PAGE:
The writers of the Manual caution, however, that if an item in a series is modified, then instead of trying to resolve the problem with a comma, the entire sentence should be re-written, so that a comma is not required.
The problem in Oakhurst Dairy arose with respect to the words, “packing for shipment or distribution of”, which give rise to two potential meanings:
- [reading the phrase without a comma after “shipment”] Employees who pack for shipment or distribution of agricultural produce, meat and fish products, and perishable foods, are not entitled to overtime pay.
- [reading in a comma after “shipment”] Employees who distribute agricultural produce, meat and fish products, and perishable foods, are not entitled to overtime pay.
The drivers distributed perishable foods - milk - but they didn’t pack it. Consequently, in order for them to win their case, they had to persuade the Court to adopt the first interpretation - without the Oxford comma.
The drivers argued that, absent the comma, “distribution” modifies “packing”, and that “distribution” isn’t a separate concept that would serve to exempt them from being paid overtime. In other words, the drivers said: ‘We don’t package milk, so we aren’t exempt from receiving overtime pay’.
Conversely, Oakhurst Dairy argued: ‘The drivers distribute perishable goods, so they aren’t exempt’ [it interpreted the clause with the benefit of a serial comma].
A Very Quick Lesson in Contract Interpretation
The doctrine of contra proferentem (Latin: against the offeror) applies to contract interpretation. In the insurance context, it provides that when a term within an insurance policy is ambiguous, and there are two or more reasonable interpretations (reading the policy as a whole), and the ambiguity cannot be resolved by the application of any other applicable rule of interpretation, the preferred interpretation would be the one that goes against the interests of the drafter. The doctrine is often applied in situations involving standardized contracts, or where the parties are of unequal bargaining power (e.g. insurer and insured).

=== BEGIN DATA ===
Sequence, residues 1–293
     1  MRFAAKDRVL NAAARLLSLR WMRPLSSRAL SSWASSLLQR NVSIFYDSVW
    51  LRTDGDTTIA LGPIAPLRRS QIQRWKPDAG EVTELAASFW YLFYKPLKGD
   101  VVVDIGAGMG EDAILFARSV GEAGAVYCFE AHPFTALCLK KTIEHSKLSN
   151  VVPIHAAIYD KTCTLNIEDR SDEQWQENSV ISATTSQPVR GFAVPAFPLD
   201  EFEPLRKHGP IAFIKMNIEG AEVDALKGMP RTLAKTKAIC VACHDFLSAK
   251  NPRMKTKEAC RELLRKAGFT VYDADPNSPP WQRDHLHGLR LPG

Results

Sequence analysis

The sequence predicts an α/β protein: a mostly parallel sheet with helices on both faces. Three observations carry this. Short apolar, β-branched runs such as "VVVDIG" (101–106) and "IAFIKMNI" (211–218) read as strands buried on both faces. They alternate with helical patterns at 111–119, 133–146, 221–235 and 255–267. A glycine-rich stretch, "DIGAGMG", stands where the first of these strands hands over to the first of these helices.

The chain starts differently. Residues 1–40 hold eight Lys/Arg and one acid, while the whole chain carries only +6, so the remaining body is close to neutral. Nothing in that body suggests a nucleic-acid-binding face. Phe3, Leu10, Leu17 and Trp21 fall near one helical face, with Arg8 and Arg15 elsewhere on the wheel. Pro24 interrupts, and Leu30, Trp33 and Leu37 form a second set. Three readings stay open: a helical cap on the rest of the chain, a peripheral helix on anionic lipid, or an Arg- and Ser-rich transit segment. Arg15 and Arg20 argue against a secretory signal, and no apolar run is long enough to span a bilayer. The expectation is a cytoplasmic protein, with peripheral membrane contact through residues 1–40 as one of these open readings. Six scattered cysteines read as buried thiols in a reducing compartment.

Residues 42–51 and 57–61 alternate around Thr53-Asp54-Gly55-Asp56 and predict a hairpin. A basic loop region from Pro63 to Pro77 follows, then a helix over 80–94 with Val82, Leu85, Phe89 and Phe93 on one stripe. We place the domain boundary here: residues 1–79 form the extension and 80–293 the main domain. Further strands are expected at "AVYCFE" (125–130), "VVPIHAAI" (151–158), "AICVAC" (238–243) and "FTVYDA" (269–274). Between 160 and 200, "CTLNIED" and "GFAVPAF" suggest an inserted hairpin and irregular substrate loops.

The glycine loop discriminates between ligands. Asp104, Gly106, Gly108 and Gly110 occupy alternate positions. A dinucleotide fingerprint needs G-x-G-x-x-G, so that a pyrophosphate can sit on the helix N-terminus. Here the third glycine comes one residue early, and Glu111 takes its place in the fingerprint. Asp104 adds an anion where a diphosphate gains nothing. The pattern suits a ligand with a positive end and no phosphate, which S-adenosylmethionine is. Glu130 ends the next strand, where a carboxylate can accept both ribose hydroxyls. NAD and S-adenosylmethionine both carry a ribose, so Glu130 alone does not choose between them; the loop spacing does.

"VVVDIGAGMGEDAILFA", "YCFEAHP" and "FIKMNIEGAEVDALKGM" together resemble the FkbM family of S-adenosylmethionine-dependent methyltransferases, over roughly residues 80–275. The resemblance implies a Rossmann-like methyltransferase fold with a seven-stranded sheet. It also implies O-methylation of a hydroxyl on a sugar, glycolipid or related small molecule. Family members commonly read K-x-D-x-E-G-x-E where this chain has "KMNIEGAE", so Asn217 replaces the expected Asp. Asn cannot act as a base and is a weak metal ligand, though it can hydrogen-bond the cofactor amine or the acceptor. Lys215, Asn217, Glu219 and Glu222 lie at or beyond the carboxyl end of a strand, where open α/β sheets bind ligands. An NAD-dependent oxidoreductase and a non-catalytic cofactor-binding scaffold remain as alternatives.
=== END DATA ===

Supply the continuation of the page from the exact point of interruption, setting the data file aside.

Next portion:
The Court of Appeals in Oakhurst Dairy sided with the drivers, concluding that the absence of a comma after the word “shipment” resulted in sufficient ambiguity that the impugned phrase should be interpreted narrowly, and in favour of the drivers, in order to accomplish the remedial purpose of the overtime law.
Although Oakhurst Dairy appears to have been decided on the basis of the doctrine of contra proferentem, the same result could have been achieved by the application of another rule of interpretation: If two concepts are described differently, then they must each mean something different. So in this case, if the drafter had meant to exclude distributors of perishable foods from benefiting from the overtime law, all he/she would have had to do was insert an Oxford comma after “shipment”. Since there is no comma, the meaning is different from the same phrase with the comma.
Discussion and Recommendations
Essentially, the Court of Appeals gave a ‘shout-out’ for the use of the Oxford comma in circumstances where it would resolve an ambiguity, thus thrilling grammar geeks (including myself) around the world.
Love it or hate it, the Oakhurst Dairy decision highlights the potential cost of not using an Oxford comma when it would resolve an ambiguity. And, as we all know, in the insurance business, there is no room for ambiguity.
The message of this article is not that drafters of insurance policies ought to immediately aspire to become grammar/punctuation aficionados, but to always ask the question: can the drafted sentence or clause be interpreted in any way other than intended? If the answer is ‘yes’, then an Oxford comma may remove the ambiguity. If it doesn’t, then rewriting the sentence entirely could be the safest bet. The Oxford comma should be used with extreme caution.